Scholarly article on topic 'Laser Doped Screen-printed Back Contact Solar Cells Exceeding 21% Efficiency'

Laser Doped Screen-printed Back Contact Solar Cells Exceeding 21% Efficiency Academic research paper on "Materials engineering"

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{"laser doping" / IBC / "back contact" / screen-printing / "high efficency" / n-type}

Abstract of research paper on Materials engineering, author of scientific article — Morris Dahlinger, Kai Carstens, Jürgen R. Köhler, Renate Zapf-Gottwick, Jürgen H. Werner

Abstract We present the first laser doped screen-printed back contact silicon solar cells with an efficiency η = 21.4% avoiding any masking steps neither for doping, contact opening, nor metallization. We introduce a selective emitter doping without additional process steps. An optimized laser ablation process avoids damage to the wafer surface. Screen-printing of the base and emitter metallization at the same time, further simplifies our high efficiency solar cell process scheme.

Academic research paper on topic "Laser Doped Screen-printed Back Contact Solar Cells Exceeding 21% Efficiency"

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Energy Procedia 55 (2014) 410 - 415

4th International Conference on Silicon Photovoltaics, SiliconPV 2014

Laser doped screen-printed back contact solar cells exceeding 21%

efficiency

Morris Dahlinger, Kai Carstens, Jürgen R. Köhler, Renate Zapf-Gottwick,

and Jürgen H. Werner

Institute for photovoltaics, Pfaffenwaldring 47, 70569 Stuttgart, Germany

Abstract

We present the first laser doped screen-printed back contact silicon solar cells with an efficiency n = 21.4% avoiding any masking steps neither for doping, contact opening, nor metallization. We introduce a selective emitter doping without additional process steps. An optimized laser ablation process avoids damage to the wafer surface. Screen-printing of the base and emitter metallization at the same time, further simplifies our high efficiency solar cell process scheme.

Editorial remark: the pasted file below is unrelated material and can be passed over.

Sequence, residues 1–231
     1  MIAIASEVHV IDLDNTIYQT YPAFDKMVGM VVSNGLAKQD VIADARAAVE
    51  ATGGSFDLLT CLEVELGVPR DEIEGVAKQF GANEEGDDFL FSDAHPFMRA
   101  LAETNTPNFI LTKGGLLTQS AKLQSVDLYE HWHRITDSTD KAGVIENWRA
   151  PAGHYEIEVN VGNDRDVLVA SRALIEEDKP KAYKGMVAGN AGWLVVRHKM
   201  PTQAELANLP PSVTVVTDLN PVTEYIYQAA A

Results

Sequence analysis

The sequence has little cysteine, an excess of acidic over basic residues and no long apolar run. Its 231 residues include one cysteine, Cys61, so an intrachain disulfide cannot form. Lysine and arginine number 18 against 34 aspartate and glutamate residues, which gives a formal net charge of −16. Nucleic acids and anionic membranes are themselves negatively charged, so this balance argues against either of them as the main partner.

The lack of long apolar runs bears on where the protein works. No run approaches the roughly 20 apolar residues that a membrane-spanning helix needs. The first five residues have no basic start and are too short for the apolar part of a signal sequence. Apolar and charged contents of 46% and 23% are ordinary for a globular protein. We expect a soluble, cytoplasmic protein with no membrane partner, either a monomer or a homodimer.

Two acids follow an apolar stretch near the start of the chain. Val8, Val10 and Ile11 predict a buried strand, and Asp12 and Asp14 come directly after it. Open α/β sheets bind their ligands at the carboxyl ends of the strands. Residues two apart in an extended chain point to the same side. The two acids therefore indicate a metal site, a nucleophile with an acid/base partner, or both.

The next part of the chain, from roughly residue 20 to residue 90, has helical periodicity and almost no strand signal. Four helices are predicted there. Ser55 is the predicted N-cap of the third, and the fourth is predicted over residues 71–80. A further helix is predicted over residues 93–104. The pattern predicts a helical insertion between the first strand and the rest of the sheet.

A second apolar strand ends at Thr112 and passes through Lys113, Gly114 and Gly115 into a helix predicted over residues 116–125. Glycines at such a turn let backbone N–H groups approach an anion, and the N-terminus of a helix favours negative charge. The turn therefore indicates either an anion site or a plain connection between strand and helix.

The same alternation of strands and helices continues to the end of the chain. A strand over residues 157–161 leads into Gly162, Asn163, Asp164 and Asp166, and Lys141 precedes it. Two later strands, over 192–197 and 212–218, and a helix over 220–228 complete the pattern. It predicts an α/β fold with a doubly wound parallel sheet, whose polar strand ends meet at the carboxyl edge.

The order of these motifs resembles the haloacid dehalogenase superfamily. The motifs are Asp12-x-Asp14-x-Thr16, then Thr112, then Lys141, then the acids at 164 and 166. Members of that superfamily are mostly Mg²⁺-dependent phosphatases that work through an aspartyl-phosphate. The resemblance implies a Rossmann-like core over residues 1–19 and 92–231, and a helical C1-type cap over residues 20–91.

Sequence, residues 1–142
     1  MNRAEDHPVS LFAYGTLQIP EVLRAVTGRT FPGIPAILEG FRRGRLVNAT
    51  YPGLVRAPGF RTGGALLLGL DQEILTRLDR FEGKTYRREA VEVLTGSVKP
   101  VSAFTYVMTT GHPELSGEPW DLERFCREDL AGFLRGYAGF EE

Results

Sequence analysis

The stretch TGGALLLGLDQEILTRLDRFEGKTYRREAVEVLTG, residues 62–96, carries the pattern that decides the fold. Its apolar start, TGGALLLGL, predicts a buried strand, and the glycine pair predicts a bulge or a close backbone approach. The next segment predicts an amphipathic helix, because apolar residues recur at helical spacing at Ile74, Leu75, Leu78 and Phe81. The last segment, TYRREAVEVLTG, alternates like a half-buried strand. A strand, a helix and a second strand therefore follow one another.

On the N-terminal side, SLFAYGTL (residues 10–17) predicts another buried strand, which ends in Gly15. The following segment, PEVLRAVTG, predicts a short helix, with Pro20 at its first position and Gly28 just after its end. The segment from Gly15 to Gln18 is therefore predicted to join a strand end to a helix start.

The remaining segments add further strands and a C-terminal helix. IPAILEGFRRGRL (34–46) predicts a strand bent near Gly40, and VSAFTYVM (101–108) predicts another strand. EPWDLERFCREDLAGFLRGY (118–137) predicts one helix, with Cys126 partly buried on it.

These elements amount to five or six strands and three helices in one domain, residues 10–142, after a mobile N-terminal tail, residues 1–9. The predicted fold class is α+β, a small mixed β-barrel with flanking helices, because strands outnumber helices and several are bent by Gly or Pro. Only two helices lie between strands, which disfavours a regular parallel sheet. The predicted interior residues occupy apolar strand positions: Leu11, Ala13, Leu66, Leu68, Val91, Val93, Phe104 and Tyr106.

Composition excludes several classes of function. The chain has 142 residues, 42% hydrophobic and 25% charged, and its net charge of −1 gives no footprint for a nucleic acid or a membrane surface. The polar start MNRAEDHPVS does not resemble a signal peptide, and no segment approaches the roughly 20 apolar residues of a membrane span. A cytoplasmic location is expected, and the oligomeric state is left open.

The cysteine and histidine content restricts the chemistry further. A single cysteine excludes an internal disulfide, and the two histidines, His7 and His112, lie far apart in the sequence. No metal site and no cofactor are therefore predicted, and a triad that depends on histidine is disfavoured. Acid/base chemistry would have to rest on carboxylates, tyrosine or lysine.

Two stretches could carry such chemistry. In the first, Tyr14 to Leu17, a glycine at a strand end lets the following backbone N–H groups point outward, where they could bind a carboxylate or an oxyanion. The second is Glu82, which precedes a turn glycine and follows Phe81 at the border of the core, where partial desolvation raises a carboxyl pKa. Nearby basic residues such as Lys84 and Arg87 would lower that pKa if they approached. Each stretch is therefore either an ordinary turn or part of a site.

© 2014 The Authors. Published by Elsevier Ltd. This is an open access article under the CC BY-NC-ND license (http://creativecommons.Org/licenses/by-nc-nd/3.0/).

Peer-review under responsibility of the scientific committee of the SiliconPV 2014 conference Keywords: laser doping; IBC; back contact; screen-printing; high efficency; n-type

1. Introduction

Low prices for photovoltaic cells and modules require low production cost at high power conversion efficiencies to compete at the market. Some approaches for industrial interdigitated back contact solar cells (IBC) are published [1-3], but still, mainly due to the higher production costs, the market share of IBC solar cells is quite low. We recently presented laser doped back contact solar cells metallized with evaporated and photo-lithographic structured contacts with n = 22.0% [4]. To further reduce the production cost and make the whole process more industrial relevant, we apply standard screen-printed contacts and reach n = 21.4%.

1876-6102 © 2014 The Authors. Published by Elsevier Ltd. This is an open access article under the CC BY-NC-ND license (http://creativecommons.org/licenses/by-nc-nd/3.0/).

Peer-review under responsibility of the scientific committee of the SiliconPV 2014 conference doi:10.1016/j.egypro.2014.08.118

2. Experimental

2.1. Solar cell process